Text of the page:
Robot Nurses Testing in Japan
In Japan there are approximately 5,000 nursing homes that are testing robots as caretakers. With Japan being the best in class in advanced robotics and having such a large population of elderly in need of caretakers, it seems to make sense how they would find themselves coming to this solution. But is it a realistic solution when we consider applying systems thinking? Japan itself may have a culture that is infatuated with robots but other countries may not be as willing to have their elderly family members go into a nursing home being watched by a robot.
This idea of even trusting robots differs greatly between international cultures. In Japan, they have a deep rooted historical culture of animism – the belief that every object has a spirit including man made objects. Yet in America, we have a culture that involves religions such as Christianity implying the taboo nature of praising inanimate objects – idolatry. We also have traditional stories of creation killing creator such as Frankenstein. This in itself creates a barrier to penetrate many international markets.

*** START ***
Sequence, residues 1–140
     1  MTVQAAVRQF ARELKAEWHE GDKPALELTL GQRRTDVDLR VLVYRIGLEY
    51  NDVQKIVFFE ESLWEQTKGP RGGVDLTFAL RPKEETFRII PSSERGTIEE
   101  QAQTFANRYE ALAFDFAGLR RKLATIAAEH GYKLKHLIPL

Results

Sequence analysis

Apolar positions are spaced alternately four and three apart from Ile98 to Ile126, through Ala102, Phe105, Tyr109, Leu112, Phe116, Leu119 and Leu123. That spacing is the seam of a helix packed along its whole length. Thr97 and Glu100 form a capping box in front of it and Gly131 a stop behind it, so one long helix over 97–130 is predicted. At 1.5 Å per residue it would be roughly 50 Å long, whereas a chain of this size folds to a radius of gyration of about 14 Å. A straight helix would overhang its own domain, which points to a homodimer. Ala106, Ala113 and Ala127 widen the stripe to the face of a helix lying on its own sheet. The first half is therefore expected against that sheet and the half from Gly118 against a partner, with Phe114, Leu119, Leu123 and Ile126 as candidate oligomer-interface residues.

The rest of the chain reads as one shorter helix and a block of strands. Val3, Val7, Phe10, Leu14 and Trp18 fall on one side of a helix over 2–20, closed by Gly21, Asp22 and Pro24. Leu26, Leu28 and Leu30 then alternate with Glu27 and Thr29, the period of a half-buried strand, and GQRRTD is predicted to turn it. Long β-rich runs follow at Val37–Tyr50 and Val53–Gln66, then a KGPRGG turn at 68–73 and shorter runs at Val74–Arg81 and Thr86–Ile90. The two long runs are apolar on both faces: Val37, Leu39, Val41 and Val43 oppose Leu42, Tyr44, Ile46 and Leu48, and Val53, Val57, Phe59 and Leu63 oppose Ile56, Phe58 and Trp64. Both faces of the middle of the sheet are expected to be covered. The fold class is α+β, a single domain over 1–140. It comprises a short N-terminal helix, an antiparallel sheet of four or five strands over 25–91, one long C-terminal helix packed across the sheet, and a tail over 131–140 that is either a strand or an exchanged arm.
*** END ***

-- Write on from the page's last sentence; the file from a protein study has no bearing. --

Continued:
Focusing on Japan alone, the market is extremely small being that these robots are extremely expensive. Even nursing homes and hospitals will barely be able to afford these robots. However, some of these companies are receiving aid from health insurance firms to help cover some costs of their products. With these products helping caretakers bend and lift residents, creating alerts with sensors when a resident is in need of the lavatory or is about to fall off of a bed, the usefulness of this technology is undeniable. Perhaps Japan is onto something and is entering a blue ocean market where they will lead in medical assisting robotics. Do you think they will be able to find ways to cut the costs and make these robots more accessible and affordable? How do you foresee them overcoming cultural barriers to enter international markets?